Radial spherical plain bearings play a key role in off-highway equipment and vehicles. In this feature article, AST examines their varieties, applications, and how they work.
Original equipment manufacturers (OEM) of off-highway equipment and vehicles are continuously looking for new ways to apply technology into their designs, both new and old -- anything that will give their products an edge in productivity, payloads, and efficiency. The machines and vehicles they produce must endure extreme environments, demanding operating conditions, and heavy loads.
Reliability and ease of maintenance are paramount; repairing equipment on-site is costly, and often almost impossible. However, many designs are built upon tried-and-true platforms that incorporate drivetrains, suspensions, steering linkages, torsion bars, connecting rods, articulated joints, heavy duty linkage pivots, and hydraulic cylinders. All of these applications have something important in common: they use radial spherical plain bearings and rod ends. Engineers have yet to develop bearings that better accommodate the combinations of movements and heavy loads these vehicles and equipment encounter, with reliability and cost-effectiveness.
Here’s what you should know about these relatively simple and extremely tough bearings found in most off highway applications.
How they work
Radial spherical plain bearings have an inner ring with a sphered convex outside surface, and an outer ring with a correspondingly sphered (but concave) inside-sliding contact surface. The two general styles relate to the manufacturing method. Swaged style bearings are made by “swaging,” or forming, the outer ring over the inner ring (or ball). Fractured style bearings have an outer ring that is split, or fractured, in one position to facilitate assembly of the rings during manufacturing.
The bearings can be comprised of different sliding contact surface combinations, i.e. the sliding surfaces of inner and outer rings are made from different materials. Some combinations require maintenance (such as steel-on-steel), while others do not.
Comparison to rod ends
Rod ends consist of an eye-shaped head with integral shank, forming a housing and one of three options: a standard spherical plain bearing, a spherical plain bearing inner ring, or a spherical plain bearing inner ring with a sliding layer between the bore of the head and the inner ring. As a rule, rod ends are available with left or right-hand female or male threads. Rod ends can have the sliding contact surface combinations steel-on-steel, steel-on-bronze, steel-on-PTFE composite material, or steel-on-PTFE fabric.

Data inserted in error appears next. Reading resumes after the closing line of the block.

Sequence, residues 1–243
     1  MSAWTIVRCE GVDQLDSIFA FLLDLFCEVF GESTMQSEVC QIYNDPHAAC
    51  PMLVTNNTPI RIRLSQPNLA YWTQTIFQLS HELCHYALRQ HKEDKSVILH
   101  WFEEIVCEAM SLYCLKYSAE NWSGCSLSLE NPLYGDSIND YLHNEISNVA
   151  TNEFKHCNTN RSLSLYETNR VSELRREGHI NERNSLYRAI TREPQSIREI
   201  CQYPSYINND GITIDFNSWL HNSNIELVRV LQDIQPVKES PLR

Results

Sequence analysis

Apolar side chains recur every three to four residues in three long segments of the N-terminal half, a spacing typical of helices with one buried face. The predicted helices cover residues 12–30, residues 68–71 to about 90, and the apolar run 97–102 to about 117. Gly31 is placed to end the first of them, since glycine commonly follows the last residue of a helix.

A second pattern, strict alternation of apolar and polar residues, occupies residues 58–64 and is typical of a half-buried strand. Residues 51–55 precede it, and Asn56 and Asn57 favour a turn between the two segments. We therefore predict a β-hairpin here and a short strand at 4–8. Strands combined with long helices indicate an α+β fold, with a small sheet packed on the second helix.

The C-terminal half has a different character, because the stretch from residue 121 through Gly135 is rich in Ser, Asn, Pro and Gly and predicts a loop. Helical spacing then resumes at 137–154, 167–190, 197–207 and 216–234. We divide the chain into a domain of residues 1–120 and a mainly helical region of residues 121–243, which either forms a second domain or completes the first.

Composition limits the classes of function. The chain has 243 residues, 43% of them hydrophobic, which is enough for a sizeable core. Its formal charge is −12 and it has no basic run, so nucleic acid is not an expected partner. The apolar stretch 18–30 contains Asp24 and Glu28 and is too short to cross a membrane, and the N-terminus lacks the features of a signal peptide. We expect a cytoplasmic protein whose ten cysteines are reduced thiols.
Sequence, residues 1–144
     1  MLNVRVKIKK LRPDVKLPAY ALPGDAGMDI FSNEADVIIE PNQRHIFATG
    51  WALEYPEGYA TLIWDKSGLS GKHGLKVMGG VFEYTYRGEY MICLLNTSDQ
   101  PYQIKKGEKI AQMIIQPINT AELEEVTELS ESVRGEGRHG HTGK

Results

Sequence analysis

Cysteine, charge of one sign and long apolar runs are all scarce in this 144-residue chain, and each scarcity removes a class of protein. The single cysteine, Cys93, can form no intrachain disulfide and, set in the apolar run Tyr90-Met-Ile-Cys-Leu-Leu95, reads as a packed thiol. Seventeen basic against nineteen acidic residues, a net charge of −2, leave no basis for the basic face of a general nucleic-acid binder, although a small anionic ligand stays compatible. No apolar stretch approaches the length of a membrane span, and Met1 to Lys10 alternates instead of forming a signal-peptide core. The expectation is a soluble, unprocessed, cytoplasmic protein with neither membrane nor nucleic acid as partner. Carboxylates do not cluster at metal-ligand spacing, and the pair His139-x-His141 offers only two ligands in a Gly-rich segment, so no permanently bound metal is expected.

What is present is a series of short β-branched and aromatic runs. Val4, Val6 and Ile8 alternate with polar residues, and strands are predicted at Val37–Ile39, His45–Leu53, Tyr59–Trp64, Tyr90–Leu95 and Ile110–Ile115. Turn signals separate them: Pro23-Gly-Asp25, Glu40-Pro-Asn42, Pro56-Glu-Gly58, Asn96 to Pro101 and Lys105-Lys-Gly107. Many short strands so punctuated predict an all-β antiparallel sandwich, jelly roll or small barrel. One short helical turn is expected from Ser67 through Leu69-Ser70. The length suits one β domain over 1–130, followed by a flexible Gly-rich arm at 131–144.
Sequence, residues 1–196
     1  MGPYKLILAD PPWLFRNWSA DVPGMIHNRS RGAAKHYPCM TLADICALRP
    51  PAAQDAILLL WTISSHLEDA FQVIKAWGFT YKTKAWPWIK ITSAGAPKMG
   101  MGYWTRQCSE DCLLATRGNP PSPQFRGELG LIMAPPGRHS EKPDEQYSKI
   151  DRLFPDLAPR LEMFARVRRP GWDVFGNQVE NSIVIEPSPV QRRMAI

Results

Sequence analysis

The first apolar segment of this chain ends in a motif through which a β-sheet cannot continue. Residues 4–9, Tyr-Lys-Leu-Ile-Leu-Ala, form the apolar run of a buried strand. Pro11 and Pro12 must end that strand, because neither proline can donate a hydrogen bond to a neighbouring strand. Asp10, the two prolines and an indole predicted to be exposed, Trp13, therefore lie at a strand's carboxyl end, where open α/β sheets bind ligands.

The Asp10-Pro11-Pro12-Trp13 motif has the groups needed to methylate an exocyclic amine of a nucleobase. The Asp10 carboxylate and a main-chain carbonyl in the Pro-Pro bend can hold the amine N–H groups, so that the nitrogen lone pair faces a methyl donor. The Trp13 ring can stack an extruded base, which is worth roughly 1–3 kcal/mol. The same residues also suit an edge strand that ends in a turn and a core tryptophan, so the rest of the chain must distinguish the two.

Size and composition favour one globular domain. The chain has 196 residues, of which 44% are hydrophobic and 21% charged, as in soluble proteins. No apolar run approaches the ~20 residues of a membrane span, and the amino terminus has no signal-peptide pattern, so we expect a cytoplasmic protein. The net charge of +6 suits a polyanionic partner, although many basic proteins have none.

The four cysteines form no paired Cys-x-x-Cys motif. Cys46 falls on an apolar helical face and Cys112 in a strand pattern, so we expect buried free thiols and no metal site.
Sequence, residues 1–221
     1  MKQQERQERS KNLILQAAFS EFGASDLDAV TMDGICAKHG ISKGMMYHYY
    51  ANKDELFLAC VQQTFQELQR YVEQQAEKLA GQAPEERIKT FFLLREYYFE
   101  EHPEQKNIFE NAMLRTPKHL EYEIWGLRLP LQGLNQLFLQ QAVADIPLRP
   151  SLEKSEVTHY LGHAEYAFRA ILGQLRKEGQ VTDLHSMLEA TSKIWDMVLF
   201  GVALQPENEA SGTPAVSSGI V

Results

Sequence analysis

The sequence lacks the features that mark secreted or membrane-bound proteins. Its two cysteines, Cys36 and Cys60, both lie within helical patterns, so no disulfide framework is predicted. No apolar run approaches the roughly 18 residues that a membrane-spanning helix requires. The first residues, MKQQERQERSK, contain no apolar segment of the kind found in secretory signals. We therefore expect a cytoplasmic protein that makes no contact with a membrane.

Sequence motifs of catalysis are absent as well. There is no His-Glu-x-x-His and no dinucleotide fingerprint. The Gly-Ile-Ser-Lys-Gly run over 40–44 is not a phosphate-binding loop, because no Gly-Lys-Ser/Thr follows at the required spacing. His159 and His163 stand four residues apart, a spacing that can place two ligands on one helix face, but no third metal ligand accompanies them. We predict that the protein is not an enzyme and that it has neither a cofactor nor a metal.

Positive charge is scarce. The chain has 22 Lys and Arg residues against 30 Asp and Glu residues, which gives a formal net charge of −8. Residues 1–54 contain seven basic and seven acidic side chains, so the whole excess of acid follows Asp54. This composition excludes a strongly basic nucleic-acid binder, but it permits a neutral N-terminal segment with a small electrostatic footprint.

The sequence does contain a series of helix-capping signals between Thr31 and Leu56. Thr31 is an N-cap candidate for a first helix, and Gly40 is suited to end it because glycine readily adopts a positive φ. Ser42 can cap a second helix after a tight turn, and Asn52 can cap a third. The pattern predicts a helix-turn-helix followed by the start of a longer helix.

Rod ends and spherical plain bearings share common design principles and function in the same manner, designed to handle radial loads under misalignment. Rod ends are more common in linkages and connecting rods due to their ease of mounting and adjustment. They can be selected with sliding contact surface combinations that render them maintenance-free, or the steel-on-steel style can accommodate a grease fitting, allowing for regular re-lubrication.
Spherical plain bearings, however -- due to their construction and internal geometry -- can handle heavier radial loads under misalignment than rod ends. They accommodate misalignment between the housing and shaft, as well as oscillating movements at slow speeds. While these bearings can handle a small amount of axial load, they should be used where the load is primarily radial.
In the next installment of this series, AST engineers address varieties and use cases for radial spherical plain bearings in Simple, but Tough – Part 2. Coming September 3, 2021.